Three show weekends used to be the exception; they are starting to become the norm at certain times of the year! (We even had a 3-show weekend in New York!)
Friday night we went to the opening performance of Sister's Christmas Catechism, at a cabaret theatre in Sacramento, across the street from the state capitol. The previous show at this cabaret, Sister's Late Night Catechism was very funny if you had a Catholic school education, but deadly dull if you didn't understand all the religious talk. Thus I loved it, my fellow reviewer hated it.
Fortunately, Christmas Catechism requires no background in the Catholic religion or any knowledge of the Baltimore catechism. It relies very heavily on audience participation, however, and I spent most of the show worried I would be called on (but I wasn't). The actress who plays "Sister" cut her acting chops at Chicago's Second City and has a very long background in improvisational theatre (and presumably this also includes the talent to recognize people who don't want to be recognized!)
The people sitting at the tables in front of us were very much into this whole thing, desperately wanted to participate, had brought cameras to record everything and must have been an actress' dream.
It wasn't until one of the group was called up on stage to become the Ox in CSI Bethlehem, which would attempt to discover whatever happened to the Maji's gold, that Walt realized who it was
It was the son of my former boss, Ann Holke, who died a year ago. How I wanted to rush home and tell her that her son had been on stage in this silly Christmas pageant. He is known better as a detective for the Davis Police, one who was quite active in the hunt for the murderers of two students killed several years ago.
When the show was over, I told him that his mother would have been very proud of his performance....he said he was just glad he hadn't been selected to play the ass.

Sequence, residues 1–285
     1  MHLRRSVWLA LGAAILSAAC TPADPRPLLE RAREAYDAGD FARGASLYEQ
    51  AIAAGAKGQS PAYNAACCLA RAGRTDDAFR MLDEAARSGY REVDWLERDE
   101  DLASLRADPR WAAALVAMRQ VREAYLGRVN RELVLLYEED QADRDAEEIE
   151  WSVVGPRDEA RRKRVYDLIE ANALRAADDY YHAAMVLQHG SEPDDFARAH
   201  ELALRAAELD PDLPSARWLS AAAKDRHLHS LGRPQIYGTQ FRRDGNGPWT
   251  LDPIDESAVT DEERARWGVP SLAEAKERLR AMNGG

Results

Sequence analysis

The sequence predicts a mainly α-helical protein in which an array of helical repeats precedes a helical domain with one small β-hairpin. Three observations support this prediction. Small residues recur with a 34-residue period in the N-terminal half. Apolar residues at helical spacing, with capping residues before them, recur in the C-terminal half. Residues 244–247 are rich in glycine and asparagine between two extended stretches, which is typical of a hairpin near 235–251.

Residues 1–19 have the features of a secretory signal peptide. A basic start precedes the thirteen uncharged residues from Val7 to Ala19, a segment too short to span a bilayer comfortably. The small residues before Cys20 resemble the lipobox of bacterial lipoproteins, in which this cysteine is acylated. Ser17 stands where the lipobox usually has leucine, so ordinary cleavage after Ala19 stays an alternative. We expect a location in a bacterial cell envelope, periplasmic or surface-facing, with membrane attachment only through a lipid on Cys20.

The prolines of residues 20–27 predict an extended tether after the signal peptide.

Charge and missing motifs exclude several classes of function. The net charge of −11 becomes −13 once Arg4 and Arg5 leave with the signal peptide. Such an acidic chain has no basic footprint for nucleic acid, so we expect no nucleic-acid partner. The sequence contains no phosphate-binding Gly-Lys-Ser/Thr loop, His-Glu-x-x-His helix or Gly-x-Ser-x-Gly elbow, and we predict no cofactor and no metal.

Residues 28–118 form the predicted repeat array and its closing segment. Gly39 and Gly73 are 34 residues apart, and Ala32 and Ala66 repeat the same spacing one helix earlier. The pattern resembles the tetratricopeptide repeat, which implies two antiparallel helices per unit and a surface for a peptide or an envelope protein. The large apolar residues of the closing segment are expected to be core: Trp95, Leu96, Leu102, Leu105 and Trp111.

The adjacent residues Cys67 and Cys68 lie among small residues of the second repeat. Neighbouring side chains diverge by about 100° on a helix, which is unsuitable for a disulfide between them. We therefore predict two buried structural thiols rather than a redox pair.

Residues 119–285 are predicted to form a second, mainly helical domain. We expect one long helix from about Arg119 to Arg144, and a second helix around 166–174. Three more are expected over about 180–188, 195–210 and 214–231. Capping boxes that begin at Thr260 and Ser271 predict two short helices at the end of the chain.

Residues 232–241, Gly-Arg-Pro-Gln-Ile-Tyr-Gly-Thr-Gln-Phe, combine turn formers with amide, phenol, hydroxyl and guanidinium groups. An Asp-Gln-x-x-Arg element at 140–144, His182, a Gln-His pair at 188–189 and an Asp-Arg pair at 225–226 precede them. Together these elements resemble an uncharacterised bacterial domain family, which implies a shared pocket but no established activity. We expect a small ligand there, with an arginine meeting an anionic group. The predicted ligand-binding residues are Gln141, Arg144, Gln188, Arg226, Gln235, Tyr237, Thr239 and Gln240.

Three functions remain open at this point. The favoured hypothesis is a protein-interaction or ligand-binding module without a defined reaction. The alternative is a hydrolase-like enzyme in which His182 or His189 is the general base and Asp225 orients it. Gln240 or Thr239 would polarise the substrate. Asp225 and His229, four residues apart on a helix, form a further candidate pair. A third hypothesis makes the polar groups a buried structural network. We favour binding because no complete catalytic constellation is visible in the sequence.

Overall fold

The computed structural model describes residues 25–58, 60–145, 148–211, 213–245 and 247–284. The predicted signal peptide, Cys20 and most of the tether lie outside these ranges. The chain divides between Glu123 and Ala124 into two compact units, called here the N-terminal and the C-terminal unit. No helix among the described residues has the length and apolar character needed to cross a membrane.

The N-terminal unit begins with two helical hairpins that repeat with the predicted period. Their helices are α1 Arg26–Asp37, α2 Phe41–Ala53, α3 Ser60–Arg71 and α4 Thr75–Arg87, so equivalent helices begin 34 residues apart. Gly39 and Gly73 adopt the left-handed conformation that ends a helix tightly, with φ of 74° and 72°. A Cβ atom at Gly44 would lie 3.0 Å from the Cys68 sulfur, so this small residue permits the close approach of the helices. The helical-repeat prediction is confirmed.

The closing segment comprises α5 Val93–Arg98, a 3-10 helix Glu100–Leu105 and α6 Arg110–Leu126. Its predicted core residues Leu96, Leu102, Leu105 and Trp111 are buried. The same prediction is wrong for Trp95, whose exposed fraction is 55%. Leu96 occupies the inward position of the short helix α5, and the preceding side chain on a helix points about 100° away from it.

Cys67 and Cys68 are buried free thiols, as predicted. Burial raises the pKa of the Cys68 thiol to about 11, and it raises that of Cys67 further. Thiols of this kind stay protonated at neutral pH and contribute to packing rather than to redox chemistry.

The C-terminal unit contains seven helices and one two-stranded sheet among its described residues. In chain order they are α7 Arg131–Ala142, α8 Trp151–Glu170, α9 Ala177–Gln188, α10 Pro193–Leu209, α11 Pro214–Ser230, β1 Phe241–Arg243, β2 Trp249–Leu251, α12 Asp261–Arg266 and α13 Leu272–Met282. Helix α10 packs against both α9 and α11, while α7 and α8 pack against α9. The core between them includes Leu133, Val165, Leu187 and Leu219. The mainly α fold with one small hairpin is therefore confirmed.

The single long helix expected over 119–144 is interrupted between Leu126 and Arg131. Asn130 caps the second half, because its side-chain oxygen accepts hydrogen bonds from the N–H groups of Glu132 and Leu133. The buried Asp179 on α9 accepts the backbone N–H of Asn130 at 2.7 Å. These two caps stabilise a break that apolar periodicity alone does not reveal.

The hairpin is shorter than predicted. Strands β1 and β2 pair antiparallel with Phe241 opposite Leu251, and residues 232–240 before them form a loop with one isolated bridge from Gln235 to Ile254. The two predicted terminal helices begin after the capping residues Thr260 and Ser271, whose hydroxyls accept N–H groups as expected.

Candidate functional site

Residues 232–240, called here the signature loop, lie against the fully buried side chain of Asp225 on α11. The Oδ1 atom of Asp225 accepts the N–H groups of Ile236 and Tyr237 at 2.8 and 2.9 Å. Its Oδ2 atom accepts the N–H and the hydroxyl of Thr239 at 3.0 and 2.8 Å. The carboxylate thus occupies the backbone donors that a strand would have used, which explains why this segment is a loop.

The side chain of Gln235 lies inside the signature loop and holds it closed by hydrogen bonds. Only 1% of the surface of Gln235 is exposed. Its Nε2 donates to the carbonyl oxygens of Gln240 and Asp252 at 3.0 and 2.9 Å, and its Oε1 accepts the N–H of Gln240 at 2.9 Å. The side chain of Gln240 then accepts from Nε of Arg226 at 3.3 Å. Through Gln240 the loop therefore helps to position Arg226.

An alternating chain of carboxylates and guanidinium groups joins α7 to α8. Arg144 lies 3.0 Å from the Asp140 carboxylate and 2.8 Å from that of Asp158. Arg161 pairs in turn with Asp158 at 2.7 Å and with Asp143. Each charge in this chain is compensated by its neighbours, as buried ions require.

The nice thing about cabaret shows is that they are generally shorter than plot shows, so we were home in plenty of time to enjoy our Thanksgiving pumpkin pie, that I had left cooling on the stove when we left.
This evening we went to see a production of The Nutcracker, which I was not reviewing, oddly enough! I had interviewed the ballet teacher/choreographer for a feature article and she gave me tickets when I expressed interest in seeing it. Jeri used to study ballet with her and she has come a long way from the days when she sent home sheets of paper that said "mothers will make costumes," which always sent me into heart failure.
Around here when you think ofThe Nutcracker you more often than not think of an extravaganza cast with 200 kids under the age of 12, who get their roles by a lottery system and which bears only vague resemblance to the show that Tschaikovsky originally wrote. Fun, cute and all that, but not really "ballet."
Tonight's show was the "ballet" version and from everything I'd heard during my interview, I expected it to be more professional than it was. Oh, it's quite good -- a ginormous step up from the days when Jeri was dancing -- and the principal dancers are very good, but basically it's a ballet class production and so nothing is as polished as my article indicated. But the little kids were adorable, especially the ones who were really too young to dance and who were shepherded around the stage during the party scene by their mothers.
Somehow it just wasn't the same without the sugar plum that raises up on a genie lift, the big chair that Walt sat in for his 50th birthday party, and without the gnomes creeping around in fog low to the stage, the bolero dancers, the bakers, and a host of other categories they made up just to get kids into the show. Or without the masses of kids coming out on stage for the final bow!
Tomorrow it is a Christmas pageant and I'm not sure how that's going to go, but I hope I sleep well tonight because I'm reviewing that one!